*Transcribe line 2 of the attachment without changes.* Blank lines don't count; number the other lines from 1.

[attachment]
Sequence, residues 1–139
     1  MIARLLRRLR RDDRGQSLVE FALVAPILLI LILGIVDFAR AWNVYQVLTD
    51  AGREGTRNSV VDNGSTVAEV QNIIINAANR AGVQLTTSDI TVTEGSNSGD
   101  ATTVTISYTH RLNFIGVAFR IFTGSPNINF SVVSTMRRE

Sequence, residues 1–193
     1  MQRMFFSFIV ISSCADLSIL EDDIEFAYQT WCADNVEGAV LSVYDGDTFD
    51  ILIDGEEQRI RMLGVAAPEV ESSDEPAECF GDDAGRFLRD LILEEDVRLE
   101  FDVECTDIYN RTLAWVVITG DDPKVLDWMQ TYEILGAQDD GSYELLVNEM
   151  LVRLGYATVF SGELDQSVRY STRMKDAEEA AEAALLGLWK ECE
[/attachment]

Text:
     1  MIARLLRRLR RDDRGQSLVE FALVAPILLI LILGIVDFAR AWNVYQVLTD